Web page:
My Lords, the geographical limitation is quite clear; it is self-evidently to Northern Ireland. The energy licence conditions in general are modifications simply intended to ensure that the proceeds of the sale of NFFO NIROCs in Northern Ireland are used to offset costs to Northern Ireland consumers. I do not think that there is a limitation placed on the extent to which that may be achieved; it will probably be conditioned in large measure by the sums realised.
moved Amendment No. 192:
After Clause 109, insert the following new clause—
ELECTRICITY GENERATION USING CLEAN COAL TECHNOLOGIES
After section 32C of the 1989 Act there is inserted—
"32D OBLIGATION IN CONNECTION WITH ELECTRICITY FROM COAL
(1) The Secretary of State may by order impose on each electricity supplier falling within a specified description (a "designated electricity supplier") an obligation to do what is set out in subsection (3) (and that obligation is referred to in this section and sections 32E to 32G as the "clean coal obligation").
(2) The descriptions of electricity supplier upon which an order may impose the clean coal obligation are those supplying electricity—
(a) in England and Wales;
(b) in Scotland; or
(c) in Northern Ireland, excluding such categories of supplier (if any) as are specified.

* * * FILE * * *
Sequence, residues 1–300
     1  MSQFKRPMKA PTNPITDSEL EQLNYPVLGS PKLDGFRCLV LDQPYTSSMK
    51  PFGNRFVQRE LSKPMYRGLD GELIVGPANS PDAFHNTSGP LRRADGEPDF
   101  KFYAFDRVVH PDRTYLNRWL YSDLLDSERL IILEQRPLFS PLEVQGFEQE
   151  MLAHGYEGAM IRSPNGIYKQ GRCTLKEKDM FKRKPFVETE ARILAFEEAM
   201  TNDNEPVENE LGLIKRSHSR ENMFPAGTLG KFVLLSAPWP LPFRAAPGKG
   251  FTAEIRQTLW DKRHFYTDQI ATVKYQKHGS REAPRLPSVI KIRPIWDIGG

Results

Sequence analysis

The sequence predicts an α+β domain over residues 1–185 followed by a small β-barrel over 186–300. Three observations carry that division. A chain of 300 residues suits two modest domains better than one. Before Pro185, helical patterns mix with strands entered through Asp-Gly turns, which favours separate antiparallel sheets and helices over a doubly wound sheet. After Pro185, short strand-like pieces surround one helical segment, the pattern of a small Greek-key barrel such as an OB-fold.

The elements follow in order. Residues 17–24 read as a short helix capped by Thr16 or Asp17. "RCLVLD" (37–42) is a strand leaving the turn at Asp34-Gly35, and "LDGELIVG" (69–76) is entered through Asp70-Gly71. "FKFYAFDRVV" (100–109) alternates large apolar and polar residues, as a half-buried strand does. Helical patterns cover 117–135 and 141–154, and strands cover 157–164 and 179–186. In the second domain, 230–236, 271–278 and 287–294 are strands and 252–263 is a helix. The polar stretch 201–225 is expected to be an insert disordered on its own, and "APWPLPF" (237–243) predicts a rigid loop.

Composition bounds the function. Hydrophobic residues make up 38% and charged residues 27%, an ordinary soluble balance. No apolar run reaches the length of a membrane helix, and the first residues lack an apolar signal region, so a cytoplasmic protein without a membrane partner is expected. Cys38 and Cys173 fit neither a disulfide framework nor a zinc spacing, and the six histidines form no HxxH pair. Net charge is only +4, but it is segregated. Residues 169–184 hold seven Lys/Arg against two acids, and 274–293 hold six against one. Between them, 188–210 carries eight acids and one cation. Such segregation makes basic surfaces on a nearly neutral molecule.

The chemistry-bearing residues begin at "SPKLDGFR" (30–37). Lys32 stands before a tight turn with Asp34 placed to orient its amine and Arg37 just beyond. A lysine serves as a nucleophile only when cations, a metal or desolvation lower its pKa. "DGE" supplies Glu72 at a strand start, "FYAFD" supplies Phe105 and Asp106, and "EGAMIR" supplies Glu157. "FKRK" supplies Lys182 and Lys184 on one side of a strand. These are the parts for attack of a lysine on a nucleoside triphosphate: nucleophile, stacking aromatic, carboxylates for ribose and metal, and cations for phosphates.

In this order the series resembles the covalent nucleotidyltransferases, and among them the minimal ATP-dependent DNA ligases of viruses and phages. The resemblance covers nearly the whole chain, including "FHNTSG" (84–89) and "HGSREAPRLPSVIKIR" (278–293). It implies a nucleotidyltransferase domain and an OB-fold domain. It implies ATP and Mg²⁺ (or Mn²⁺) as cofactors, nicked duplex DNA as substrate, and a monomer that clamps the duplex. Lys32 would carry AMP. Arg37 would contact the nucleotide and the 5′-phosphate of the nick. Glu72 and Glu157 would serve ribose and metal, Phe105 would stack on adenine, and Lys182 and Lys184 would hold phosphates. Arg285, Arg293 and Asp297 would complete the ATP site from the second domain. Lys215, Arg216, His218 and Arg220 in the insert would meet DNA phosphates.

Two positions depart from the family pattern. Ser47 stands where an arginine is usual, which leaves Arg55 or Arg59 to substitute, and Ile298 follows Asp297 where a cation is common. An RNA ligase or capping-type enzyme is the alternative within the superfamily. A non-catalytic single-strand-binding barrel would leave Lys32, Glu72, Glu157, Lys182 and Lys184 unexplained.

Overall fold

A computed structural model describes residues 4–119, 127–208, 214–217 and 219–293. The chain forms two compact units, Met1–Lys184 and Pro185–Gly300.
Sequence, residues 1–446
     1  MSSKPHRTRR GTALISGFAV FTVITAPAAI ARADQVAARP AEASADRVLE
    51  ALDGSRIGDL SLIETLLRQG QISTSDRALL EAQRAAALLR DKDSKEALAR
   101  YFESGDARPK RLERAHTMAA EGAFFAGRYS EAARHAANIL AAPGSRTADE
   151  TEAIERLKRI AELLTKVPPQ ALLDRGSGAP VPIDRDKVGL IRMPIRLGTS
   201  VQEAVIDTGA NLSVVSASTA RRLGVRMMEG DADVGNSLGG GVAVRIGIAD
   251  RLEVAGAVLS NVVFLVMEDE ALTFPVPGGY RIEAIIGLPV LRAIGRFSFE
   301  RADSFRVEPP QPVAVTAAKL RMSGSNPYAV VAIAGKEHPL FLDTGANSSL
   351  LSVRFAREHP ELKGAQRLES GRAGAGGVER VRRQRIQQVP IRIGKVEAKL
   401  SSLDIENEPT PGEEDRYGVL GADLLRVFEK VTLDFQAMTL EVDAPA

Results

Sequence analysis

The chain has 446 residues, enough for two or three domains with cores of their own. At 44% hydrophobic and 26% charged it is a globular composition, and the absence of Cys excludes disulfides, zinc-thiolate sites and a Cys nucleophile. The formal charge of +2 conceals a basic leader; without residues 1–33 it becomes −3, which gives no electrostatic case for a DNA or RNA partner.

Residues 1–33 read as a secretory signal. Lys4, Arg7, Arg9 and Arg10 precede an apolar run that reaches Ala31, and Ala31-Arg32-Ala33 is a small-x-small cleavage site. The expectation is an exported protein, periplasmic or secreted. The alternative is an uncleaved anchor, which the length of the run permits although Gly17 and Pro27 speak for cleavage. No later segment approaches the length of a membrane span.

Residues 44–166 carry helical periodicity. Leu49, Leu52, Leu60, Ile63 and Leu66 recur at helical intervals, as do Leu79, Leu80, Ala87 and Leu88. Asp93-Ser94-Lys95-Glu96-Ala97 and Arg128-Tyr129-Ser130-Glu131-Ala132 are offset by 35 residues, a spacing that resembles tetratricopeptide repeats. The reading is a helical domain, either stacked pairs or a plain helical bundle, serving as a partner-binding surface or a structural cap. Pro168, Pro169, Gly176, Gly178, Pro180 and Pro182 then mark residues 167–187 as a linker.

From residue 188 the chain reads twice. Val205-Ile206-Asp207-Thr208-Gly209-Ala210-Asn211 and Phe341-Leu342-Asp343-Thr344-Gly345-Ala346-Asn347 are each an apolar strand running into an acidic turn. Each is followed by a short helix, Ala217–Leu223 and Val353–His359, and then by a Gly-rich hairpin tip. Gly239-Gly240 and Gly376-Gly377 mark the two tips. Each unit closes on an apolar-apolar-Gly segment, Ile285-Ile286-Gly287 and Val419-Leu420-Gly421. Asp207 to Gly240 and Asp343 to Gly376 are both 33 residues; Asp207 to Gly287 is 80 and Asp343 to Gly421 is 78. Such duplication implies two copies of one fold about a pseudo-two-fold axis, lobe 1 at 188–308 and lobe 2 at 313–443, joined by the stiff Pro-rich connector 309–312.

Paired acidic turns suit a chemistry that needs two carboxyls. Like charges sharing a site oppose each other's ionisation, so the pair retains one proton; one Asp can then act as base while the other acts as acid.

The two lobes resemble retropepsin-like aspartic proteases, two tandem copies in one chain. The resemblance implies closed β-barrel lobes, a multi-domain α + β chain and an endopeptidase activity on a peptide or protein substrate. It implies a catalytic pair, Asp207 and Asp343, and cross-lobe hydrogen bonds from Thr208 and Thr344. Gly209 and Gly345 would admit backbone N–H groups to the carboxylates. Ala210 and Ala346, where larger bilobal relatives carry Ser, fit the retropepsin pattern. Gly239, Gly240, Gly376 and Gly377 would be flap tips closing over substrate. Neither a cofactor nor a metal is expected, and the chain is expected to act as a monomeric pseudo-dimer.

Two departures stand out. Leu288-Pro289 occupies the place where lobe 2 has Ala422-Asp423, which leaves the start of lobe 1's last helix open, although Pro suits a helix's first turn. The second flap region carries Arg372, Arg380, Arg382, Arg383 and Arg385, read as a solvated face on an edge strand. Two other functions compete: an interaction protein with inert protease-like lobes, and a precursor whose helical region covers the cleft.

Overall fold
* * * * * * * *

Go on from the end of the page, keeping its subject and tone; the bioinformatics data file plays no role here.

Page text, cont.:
(3) Subject to the provisions of this section and sections 32E and 32G, the clean coal obligation is offered to designated electricity suppliers who, before a specified day, produce to the Authority evidence of a specified kind showing—
(a) that it has supplied to customers in the United Kingdom during a specified period such amount of electricity generated from coal by using clean coal technologies as is specified in relation to such a supplier;
(b) that another electricity supplier has done so (or that two or more others have done so); or
(c) that, between them, they have done so.
(4) Before making an order, the Secretary of State must consult—
(a) the Authority;
(b) the Council;
(c) the electricity suppliers to whom the proposed order would apply;
(d) the generators of electricity from coal; and
(e) such other persons, if any, as he considers appropriate.
(5) In this section—
"clean coal technologies" means specified technologies for the generation of electricity from coal that meet specified pollutant emission performance criteria.
"specified" means specified in the order.